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Mac athletes adjust to practice, game guidelines amid Texas heatwave

AISD protocols focused on student safety, wellbeing
Alice Scott
Football players listen to head coach Thomas Gammerdinger while hydrating throughout a break during the Taco Shack Bowl on Aug. 24.

Sweat dripped down the side of freshman Hugo Smith’s face. He felt the football field turf burning into his feet. It was 106 degrees Fahrenheit outside, but to him, the ground felt at least 30 degrees hotter. Then, he started to feel dizzy and found it difficult to see. 

“It’s hard to do anything when you can’t see,” Smith said.

That was the freshman football team’s Aug. 23 game against Anderson. However, issues with outdoor heat have continued to affect multiple different sports throughout the beginning of the year. 

According to AISD’s health guidelines, the type of practice student-athletes can have depends on the heat index and Wet Bulb temperature, which uses the temperature, humidity, wind and solar radiation from the sun to get a measurement that is then used to monitor conditions during practice.

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Graphic by Sophie Leung-Lieu and Ingrid Smith

If these guidelines aren’t followed, athletic trainer Marissa Rios said that the high temperatures could affect athletes not only in the moment but also in the long run. 

“If they have existing medical conditions, it can exacerbate it,” Rios said. “It can also affect their recovery, making it a little bit harder.”

According to Rios, dehydration makes practicing in the heat even more dangerous.

“It can cause a number of issues ranging from obviously serious life-threatening injuries to some mild exhaustion,” Rios said. “[Dehydration] is one of the body’s first signs of, ‘Hey you need to take care of yourself a little bit better before you come out here.’”

According to athletic director and head football coach Thomas Gammerdinger, the football program has implemented a rule that if you need water, you don’t have to ask, you can just get some. 

Gammerdinger says football takes the AISD protocols seriously. When the temperature is 100 degrees Fahrenheit, players are strongly encouraged to remove helmets and shoulder pads when possible. As the temperature increases above 105 degrees Fahrenheit, there is no protective gear to be worn.

It can be frustrating when you’re in camp and you need all the practice time, but there’s a limit to what the human body can do

— athletic director Thomas Gammerdinger

Gammerdinger has also moved freshman and junior varsity football practices to 7:15 a.m. instead of having them right after school to allow a full practice to commence without overheating the players.

“Safety always comes first,” Gammerdinger said. “When we were in camp practicing in the afternoon, we would take some time and do a walk-through type practice inside to do all the teaching. Then we go outside and do all the physical work.” 

But Gammerdinger said that some players find these new rules difficult especially when preparing for a season.

“It can be frustrating when you’re in camp and you need all the practice time, but there’s a limit to what the human body can do,” Gammerdinger said. “One of the concerns, obviously, if you’re not practicing in that heat, then you’re not going to get ready for the games which have to be played outside.”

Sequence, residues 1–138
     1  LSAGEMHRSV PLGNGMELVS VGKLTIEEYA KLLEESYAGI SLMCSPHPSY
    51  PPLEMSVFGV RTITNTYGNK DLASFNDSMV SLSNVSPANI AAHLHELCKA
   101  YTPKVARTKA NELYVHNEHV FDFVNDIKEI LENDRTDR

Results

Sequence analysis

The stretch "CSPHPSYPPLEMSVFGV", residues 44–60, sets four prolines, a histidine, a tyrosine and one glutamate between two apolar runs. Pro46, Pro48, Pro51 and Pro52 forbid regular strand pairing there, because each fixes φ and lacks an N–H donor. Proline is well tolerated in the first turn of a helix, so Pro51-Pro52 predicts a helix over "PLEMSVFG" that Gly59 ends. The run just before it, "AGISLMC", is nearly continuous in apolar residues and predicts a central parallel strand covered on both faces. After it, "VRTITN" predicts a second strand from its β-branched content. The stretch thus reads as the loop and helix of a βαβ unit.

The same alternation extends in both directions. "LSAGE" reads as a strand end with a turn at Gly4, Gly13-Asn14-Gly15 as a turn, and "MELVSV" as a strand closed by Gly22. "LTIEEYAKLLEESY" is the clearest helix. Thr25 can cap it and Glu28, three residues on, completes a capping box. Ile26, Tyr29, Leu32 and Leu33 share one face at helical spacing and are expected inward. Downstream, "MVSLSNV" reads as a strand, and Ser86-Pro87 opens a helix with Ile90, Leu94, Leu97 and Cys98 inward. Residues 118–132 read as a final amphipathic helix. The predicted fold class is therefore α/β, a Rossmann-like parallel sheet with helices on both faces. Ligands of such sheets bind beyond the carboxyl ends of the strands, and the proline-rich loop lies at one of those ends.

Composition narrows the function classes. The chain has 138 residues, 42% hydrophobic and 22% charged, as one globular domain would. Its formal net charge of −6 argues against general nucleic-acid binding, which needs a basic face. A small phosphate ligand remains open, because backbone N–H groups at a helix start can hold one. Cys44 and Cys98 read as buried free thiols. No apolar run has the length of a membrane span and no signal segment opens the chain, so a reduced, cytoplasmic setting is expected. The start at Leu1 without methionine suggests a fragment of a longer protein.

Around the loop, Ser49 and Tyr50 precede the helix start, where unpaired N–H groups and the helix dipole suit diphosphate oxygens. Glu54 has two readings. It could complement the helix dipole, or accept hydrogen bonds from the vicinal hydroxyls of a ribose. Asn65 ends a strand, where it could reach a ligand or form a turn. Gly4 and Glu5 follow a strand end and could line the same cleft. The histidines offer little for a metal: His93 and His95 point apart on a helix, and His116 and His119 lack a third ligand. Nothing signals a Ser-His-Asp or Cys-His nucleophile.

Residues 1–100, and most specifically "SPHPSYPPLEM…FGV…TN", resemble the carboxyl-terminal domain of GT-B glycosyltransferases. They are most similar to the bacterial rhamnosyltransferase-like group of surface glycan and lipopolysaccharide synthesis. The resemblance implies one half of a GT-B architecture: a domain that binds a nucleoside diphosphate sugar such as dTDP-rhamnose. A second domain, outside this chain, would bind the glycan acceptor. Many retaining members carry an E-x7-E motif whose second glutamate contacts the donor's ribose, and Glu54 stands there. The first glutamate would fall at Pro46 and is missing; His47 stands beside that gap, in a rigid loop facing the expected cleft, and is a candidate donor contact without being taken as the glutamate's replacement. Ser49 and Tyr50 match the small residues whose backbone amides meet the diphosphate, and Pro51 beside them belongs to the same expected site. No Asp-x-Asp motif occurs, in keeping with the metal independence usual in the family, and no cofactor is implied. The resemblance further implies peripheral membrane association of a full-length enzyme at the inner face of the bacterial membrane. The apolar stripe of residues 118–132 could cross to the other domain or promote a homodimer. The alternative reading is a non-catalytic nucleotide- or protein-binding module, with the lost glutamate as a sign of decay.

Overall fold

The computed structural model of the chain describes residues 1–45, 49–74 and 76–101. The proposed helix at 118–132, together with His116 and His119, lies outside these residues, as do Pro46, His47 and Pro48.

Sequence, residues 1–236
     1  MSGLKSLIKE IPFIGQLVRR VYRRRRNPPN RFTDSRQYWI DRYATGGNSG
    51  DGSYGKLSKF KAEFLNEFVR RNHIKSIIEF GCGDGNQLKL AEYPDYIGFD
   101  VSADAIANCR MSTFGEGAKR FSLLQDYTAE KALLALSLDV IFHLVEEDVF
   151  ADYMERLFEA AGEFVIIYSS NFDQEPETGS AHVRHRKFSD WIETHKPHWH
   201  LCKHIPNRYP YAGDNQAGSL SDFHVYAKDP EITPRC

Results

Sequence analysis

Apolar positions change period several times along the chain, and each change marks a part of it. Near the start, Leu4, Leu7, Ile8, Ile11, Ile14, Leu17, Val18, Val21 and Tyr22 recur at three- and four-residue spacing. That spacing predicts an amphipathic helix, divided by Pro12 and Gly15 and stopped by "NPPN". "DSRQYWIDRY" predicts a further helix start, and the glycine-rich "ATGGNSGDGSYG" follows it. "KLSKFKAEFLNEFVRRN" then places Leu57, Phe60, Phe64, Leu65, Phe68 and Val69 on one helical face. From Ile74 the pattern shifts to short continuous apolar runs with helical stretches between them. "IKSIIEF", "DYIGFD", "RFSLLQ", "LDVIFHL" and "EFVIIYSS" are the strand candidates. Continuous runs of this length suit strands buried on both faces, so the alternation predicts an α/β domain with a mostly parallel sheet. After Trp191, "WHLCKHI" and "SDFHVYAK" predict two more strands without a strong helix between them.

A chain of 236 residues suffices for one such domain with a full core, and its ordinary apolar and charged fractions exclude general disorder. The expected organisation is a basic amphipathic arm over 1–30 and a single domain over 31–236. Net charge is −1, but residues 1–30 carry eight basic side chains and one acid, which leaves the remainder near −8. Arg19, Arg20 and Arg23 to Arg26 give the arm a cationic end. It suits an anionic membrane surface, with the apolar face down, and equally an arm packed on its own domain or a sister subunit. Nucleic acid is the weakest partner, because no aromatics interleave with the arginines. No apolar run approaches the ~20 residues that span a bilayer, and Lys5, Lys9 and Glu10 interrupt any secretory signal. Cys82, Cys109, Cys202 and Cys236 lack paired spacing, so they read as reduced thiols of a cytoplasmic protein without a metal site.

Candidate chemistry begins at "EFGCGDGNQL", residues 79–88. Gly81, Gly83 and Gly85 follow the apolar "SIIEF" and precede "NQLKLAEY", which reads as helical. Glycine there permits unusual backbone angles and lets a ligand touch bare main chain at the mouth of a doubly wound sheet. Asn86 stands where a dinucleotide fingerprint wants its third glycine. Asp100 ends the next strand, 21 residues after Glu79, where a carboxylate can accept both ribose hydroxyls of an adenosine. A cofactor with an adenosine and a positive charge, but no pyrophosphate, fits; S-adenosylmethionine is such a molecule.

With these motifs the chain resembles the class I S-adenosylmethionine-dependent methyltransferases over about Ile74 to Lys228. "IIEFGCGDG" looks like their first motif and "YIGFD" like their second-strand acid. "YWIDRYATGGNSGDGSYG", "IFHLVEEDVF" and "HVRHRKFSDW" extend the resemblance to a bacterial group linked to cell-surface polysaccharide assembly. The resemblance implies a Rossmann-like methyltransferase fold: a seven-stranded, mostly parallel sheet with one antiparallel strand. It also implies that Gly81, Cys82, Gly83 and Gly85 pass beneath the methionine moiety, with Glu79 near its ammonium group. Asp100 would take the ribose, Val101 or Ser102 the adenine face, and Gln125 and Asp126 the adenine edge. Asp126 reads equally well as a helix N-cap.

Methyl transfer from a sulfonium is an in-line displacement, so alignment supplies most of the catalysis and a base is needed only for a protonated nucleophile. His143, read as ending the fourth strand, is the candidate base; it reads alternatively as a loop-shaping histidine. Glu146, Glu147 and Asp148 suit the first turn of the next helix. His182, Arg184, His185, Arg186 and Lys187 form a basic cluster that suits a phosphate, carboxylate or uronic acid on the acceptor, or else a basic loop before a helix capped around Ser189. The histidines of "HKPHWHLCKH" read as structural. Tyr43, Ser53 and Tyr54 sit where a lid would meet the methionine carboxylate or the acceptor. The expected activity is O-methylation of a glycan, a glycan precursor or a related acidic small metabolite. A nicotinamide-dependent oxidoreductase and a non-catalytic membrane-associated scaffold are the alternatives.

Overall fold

Junior Brianna Miller brings water to football players during a timeout (Chloe Lewcock)

Junior soccer player Sofia Thatcher felt the heat from the very first practice outside, having some negative effects.

“At first, I felt good, just very hot,” Thatcher said. “But as the practice went on, I just became dizzier and it got harder because of the heat, dust and just being tired. [The heat] definitely wore me down more than usual.”

[The heat] definitely wore me down more than usual

— junior Sofia Thatcher

For head coach Barney Guerra the daily heat affected his original practice plans, making him have to pivot five minutes before the soccer class started. 

“The trainers have to measure the weather every day, which makes it tough for me to plan,” Guerra said. “We’re just trying to make due with what we can do because we’re also sharing an athletics period with basketball who has a big program and we have a big program. So trying to find space to work out inside sometimes is an issue.”

According to Guerra, the limited indoor space has made it difficult for outside sports to still be active and prepare for the seasons. Guerra made use of his classroom and the empty classroom next to him to project a HIT workout video so his athletes could get something out of the class.

As a coach, you always have to err on the side of caution

— soccer coach Barney Guerra

When the program is allowed to practice outside, Guerra is conscientious about protecting the athletes’ health.

“We’re dealing with temperatures that we’ve probably never dealt with in central Texas, so there’s really no way to predict how it’s going to affect people,” Guerra said. “If it was not as hot as it was and someone was dehydrated then they would feel a little sluggish or nauseated, but they would be OK. But mixed in with how hot it is and if they’re dehydrated, then it’s a whole dangerous situation.”

While Guerra said it’s essential to practice in the fall to prepare for the spring soccer season, he doesn’t want any athletes to be negatively affected by the heat.

“The sports side of me is like ‘Oh my goodness we need to practice, we need to get better, we need to compete’” Guerra said. “However, we can’t put our competitiveness above the players’ health. As a coach, you always have to err on the side of caution.”

This story was originally published on The Shield Online on September 22, 2023.